Miserabilism

Tom Forth, .

What. The. Fuck! Would also be my reaction to this image if I'd never lived and worked in France and if I didn't spend a lot of time working with French data. But I have, so I think I can explain it.

Do 61% of French really think that the AstraZeneca vaccine is unsafe while just 9% of Brits think the same? Not in a useful way. Source: YouGov.

I've never found the French arrogant. I've been told that they are by the overconfident private school types I met for the first time when I started university in London. And by an MP I spoke to that one time on the train to Ilkley for the literature festival after he'd ask me "what school did you go to?" assuming it would be on the list of "good ones" people like him keep in their mind. And by UK civil servants, who've invited me to London for an early meeting so I could tell them about tech in "the North" and been obviously surprised that I speak like someone from the North.

But then I lived and worked in France. And I found the people far from arrogant.

It helps that I speak French. I learned it at school in East Yorkshire with a few other slightly weird people. I couldn't do Physics, Chemistry, and Biology, so I did French. And then a bit more at lunch at university, reading Camus when I just wanted to be able to drink pastis and chat to the blokes playing pétanque in the square. But it all worked out. I did a year at Uni in a research lab in France. Then I worked with a friend's company in Paris, remote from Leeds, afterwards. I've continued to do small pieces of work in France and with French colleagues since. I've profited from selling Brits ideas from the French where they are ahead and by selling the French ideas from Britain where we are ahead.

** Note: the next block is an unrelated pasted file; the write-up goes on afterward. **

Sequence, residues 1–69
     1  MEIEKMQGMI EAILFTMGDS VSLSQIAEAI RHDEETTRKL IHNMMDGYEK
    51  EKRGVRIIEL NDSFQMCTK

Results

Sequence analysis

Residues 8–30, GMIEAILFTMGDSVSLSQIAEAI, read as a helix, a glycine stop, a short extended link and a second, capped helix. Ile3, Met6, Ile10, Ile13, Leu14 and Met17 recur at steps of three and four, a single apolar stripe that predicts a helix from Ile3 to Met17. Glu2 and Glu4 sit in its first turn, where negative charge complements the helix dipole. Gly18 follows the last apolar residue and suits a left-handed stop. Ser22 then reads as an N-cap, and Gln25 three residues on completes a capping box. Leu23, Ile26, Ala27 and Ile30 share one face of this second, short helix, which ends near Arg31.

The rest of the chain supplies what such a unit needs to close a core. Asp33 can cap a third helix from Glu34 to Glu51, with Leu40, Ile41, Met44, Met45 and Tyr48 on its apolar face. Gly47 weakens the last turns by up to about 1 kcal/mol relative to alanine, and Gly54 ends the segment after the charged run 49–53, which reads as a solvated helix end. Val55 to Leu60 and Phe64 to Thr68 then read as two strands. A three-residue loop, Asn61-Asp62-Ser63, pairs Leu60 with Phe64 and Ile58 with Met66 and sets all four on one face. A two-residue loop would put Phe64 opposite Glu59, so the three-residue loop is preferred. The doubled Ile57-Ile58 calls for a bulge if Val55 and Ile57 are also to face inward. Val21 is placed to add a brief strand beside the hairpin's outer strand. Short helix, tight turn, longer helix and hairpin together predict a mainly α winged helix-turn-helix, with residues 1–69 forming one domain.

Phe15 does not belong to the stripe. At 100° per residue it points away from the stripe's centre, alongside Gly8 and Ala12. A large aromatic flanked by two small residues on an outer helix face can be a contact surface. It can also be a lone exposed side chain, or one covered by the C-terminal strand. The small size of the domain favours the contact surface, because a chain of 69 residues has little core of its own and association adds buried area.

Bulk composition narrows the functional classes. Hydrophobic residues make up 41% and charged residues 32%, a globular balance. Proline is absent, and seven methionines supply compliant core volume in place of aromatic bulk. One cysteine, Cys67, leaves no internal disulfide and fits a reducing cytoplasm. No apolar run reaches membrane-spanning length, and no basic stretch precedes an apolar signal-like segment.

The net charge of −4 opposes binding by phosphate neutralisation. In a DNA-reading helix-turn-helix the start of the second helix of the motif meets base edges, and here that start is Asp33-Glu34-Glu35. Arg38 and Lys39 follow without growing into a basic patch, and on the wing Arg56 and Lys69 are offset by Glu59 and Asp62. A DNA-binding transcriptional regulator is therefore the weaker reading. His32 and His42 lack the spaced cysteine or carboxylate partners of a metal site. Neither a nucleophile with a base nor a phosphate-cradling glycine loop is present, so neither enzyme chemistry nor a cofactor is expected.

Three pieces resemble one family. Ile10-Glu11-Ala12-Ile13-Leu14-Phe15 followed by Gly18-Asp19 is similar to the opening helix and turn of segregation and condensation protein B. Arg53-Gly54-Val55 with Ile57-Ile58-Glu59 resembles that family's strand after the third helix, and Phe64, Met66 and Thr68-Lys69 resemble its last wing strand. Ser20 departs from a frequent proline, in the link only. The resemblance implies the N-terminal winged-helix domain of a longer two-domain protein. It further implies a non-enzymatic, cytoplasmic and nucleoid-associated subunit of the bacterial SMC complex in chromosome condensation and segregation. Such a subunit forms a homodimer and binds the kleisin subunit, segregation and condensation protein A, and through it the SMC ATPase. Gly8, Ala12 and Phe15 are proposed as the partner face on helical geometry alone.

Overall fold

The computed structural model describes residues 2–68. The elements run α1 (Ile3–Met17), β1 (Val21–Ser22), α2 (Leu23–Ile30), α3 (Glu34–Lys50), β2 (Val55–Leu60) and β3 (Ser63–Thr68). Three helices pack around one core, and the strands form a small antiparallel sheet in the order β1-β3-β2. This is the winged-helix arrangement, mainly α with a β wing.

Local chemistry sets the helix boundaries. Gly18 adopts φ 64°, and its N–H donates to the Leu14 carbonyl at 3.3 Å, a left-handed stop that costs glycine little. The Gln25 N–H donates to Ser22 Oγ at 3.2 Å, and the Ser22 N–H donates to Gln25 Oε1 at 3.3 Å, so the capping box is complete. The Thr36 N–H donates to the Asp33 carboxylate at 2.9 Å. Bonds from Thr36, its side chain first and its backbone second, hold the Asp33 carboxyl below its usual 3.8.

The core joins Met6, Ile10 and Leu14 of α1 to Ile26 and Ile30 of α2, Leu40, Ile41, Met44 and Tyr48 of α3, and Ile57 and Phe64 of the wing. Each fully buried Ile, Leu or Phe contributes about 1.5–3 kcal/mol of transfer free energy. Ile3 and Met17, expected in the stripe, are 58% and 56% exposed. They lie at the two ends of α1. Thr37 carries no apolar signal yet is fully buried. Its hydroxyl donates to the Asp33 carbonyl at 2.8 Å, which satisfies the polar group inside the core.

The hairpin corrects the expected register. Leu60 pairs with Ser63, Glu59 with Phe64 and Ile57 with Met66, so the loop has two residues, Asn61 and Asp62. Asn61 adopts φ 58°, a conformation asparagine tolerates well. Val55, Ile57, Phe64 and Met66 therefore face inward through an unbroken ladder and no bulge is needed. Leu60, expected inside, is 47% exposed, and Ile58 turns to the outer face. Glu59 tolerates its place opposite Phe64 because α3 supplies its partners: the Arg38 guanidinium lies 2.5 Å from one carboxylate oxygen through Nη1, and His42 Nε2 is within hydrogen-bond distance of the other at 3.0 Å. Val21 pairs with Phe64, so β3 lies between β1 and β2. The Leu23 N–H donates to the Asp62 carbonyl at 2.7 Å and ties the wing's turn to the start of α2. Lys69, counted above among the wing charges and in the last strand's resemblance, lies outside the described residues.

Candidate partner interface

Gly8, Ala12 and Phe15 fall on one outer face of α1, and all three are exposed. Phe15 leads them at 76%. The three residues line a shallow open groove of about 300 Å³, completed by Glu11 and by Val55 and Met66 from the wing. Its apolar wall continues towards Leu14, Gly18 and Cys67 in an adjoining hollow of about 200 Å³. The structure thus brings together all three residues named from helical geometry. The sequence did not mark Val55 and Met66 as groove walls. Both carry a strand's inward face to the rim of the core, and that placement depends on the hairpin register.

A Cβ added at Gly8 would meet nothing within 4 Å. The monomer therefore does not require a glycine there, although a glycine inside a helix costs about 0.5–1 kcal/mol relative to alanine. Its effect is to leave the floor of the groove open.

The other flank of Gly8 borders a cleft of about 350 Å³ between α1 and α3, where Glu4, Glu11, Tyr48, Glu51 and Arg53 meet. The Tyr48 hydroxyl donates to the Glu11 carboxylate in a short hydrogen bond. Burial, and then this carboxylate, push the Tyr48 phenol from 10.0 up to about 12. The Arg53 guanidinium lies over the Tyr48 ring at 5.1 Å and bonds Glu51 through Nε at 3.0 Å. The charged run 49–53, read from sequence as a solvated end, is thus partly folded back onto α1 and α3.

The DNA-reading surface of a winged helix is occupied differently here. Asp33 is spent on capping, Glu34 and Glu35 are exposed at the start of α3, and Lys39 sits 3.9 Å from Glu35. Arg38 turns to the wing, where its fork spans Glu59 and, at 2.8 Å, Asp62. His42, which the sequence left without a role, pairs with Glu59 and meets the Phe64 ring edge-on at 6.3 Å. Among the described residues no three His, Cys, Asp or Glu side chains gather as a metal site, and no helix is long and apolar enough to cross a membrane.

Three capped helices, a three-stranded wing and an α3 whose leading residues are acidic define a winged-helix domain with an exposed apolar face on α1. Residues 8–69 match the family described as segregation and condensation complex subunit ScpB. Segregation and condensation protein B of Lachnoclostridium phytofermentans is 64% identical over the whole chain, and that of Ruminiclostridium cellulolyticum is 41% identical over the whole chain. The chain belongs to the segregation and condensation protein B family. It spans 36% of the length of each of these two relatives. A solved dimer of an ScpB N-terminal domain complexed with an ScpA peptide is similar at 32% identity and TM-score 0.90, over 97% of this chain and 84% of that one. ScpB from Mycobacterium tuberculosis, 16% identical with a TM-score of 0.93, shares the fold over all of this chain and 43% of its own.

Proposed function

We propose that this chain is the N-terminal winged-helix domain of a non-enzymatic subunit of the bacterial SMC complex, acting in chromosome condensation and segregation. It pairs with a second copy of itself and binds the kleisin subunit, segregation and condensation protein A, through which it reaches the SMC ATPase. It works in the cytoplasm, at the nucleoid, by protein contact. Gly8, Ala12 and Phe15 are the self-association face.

So if the French aren't arrogant, what are they?

Miserable.

Performative miserablism

At the end of January 2020 Ipsos-MORI polled the French people. Did they like their President? No.

Of course not. Just 40% approval. Better than the last guy, Hollande, who was awful apparently. Better than the guy before him, Sarkozy, who was awful apparently. But still, Macron is awful apparently.

But who would they prefer? Offered nearly two dozen alternatives to their current leader the French chose Macron.

This is a country with superstar Mayor Anne Hidalgo on the left, with ECB President Christine Lagarde on the right, and lots more talent in between. But they stuck with the person who they think is crap. A few months later when their Prime Minister Édouard Philippe was replaced they started to really like him. When he was doing the job, they thought he was awful.

This behaviour is pretty typical of the French in polls and in discussions; they take the most miserable position possible. Tell them that France is a model country because of its low inequality and they'll moan that taxes are too high. Celebrate their succesful industries like in luxury goods and they'll moan that taxes are too low.

Tell the French that they should be miserable because there's a pandemic and they can't go out,...